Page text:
Market Research

Brokerage Upsurge Changing How Wealth Managers Do Business In India - Study

Vanessa Doctor Asia Editor 23 May 2010

Brokerage Upsurge Changing How Wealth Managers Do Business In India - Study

The growing interest in brokerage and other alternative investments in India is changing the way advisors and firms are positioning themselves as wealth managers.

In a recent study by Boston financial consulting firm Celent, titled "Wealth Managers: Retail Brokerages in India," it was revealed that aversion to risk and diversification of providers is fast becoming a theme among retail investors. In fact, estimates show that brokerages account for 30 to 40 per cent of retail customers' financial investments, resulting to a surge in the number of brokers and brokerage houses in the country.

With the retail investor demographic touted to rise to 25 million by 2012, India's wealth management market is moving towards products and services that are equity-linked, with the likes of F&O, debt and primary issuances showing palpable resurgence. Insurance and mutual fund distribution are also exhibiting an uptake.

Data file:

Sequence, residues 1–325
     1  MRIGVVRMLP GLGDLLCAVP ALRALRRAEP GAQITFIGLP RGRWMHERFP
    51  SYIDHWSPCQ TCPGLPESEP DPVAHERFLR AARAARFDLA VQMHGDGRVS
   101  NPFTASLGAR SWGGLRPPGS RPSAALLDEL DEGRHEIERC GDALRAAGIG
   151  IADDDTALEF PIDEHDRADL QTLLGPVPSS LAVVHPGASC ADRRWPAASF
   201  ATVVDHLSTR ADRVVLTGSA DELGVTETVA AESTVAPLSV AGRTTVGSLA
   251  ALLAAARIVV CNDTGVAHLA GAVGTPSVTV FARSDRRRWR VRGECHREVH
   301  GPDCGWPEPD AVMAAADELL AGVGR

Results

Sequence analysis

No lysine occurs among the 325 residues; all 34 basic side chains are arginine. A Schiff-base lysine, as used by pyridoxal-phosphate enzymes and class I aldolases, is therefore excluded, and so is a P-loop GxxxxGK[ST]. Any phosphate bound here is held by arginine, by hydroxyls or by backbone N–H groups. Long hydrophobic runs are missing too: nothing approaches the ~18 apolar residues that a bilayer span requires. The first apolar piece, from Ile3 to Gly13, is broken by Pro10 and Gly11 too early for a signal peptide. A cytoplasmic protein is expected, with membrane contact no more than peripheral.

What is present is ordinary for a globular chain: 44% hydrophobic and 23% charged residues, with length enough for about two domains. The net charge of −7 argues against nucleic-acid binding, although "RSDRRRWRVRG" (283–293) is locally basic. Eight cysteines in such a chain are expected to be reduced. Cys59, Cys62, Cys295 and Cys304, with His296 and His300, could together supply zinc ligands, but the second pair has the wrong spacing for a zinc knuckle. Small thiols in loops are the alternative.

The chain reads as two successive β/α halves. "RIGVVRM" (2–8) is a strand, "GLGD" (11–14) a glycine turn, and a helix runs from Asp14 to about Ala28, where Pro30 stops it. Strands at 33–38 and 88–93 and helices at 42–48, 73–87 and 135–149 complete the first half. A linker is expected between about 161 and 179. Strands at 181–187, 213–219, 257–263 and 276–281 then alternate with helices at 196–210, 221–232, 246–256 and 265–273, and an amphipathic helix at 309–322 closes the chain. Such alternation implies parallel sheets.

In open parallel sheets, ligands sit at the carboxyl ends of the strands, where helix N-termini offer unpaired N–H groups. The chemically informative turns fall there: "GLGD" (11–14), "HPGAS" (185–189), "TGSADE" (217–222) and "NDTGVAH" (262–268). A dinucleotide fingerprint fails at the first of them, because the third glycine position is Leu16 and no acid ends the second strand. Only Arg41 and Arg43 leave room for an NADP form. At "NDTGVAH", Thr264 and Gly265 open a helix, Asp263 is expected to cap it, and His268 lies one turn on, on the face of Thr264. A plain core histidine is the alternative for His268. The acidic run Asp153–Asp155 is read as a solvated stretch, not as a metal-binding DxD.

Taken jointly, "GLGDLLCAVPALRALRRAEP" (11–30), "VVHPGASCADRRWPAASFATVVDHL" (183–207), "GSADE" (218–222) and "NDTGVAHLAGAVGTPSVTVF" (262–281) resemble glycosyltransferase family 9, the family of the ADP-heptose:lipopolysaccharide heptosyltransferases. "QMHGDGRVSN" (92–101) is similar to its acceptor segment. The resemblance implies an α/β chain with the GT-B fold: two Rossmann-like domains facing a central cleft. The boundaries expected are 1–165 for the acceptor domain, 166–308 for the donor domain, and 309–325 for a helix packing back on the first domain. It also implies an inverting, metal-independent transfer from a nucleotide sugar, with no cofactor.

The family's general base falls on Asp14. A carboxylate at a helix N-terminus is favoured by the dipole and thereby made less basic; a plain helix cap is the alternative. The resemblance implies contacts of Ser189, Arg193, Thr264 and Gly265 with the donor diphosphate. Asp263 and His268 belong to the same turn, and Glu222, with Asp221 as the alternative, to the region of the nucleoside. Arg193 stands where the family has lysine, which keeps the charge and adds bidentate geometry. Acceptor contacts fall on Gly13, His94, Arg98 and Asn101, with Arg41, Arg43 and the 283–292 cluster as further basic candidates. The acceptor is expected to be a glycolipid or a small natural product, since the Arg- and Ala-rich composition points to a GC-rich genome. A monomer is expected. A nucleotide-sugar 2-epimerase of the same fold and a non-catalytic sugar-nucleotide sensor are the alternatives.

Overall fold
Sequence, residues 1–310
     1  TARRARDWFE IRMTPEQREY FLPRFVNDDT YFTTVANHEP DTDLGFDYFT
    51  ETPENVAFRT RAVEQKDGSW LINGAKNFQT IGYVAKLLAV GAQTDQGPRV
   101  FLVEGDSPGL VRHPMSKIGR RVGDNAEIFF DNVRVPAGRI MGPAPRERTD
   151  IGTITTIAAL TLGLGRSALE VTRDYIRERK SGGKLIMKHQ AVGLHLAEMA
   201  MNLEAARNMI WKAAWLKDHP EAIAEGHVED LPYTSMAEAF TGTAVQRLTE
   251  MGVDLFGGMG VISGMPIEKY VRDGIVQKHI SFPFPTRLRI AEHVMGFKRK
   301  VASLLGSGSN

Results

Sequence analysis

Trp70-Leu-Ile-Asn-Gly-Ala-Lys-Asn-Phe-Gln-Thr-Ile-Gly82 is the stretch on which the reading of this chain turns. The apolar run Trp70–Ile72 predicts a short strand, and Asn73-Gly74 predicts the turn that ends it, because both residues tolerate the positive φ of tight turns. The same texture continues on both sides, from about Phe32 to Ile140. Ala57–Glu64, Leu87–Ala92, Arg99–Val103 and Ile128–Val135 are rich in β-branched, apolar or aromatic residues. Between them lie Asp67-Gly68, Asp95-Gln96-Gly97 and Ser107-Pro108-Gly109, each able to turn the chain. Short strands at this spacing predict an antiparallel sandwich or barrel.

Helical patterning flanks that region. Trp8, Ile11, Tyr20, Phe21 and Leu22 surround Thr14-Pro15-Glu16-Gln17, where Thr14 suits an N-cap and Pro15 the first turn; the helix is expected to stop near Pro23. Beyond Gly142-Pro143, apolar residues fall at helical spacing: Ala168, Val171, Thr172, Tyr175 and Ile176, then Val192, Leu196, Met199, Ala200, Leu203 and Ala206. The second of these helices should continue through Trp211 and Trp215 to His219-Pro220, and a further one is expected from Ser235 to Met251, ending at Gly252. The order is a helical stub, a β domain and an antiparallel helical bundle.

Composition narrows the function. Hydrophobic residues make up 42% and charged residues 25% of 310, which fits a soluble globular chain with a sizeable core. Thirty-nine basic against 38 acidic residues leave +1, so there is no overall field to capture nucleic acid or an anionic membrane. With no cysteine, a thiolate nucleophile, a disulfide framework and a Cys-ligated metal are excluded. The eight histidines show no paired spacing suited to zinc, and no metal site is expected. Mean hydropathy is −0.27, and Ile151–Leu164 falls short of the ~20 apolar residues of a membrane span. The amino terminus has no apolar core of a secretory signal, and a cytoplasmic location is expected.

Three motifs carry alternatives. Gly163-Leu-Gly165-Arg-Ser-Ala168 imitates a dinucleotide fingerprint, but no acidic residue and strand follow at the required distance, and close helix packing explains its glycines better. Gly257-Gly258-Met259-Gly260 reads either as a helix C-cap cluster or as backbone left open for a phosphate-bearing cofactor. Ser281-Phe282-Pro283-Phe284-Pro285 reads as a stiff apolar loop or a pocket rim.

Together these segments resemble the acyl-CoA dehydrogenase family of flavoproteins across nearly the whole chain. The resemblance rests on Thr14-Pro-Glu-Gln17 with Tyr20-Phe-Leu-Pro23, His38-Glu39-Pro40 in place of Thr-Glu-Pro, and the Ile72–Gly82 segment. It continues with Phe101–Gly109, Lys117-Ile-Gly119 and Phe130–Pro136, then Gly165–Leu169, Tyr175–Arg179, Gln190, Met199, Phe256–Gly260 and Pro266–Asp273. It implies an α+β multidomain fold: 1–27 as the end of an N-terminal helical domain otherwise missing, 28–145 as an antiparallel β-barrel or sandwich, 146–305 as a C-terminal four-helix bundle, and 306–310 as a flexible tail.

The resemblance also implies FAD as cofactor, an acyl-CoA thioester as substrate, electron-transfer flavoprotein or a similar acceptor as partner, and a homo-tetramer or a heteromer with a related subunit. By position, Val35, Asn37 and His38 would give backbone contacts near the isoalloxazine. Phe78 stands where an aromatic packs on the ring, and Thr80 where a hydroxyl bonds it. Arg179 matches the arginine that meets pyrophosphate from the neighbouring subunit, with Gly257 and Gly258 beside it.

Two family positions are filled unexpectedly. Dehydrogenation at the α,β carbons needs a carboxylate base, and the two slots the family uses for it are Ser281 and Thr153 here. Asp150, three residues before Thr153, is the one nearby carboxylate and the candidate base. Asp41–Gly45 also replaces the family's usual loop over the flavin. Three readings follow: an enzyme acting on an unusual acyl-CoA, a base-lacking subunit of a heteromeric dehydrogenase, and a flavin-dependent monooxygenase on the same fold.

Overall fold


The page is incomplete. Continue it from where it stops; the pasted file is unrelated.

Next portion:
To date, 90 per cent of the brokerage houses in the country target the retail market, and this is more likely to rise further as more corporate players expand and consolidate.

Internet penetration was also given a special notice, especially as brokerage houses do almost 20 per cent of their business online. While this is relatively small compared to the volume of offline transactions, the fact that the share of online channels is forecast to rise to developed world levels by 2020 is enough to prompt local houses to make a transition, Celent said.

The number of Internet users is estimated to reach 300 million in 2020, what with the young affluent demographic expected to grow from 774 million this year to 882 million by 2020.

Overall, the theme of the study is the encouragement of change and transition among wealth management providers and ensuring clients' evolving appetites are met. At present, brokerages derive 40 to 60 per cent of the income from brokerage-related activities.

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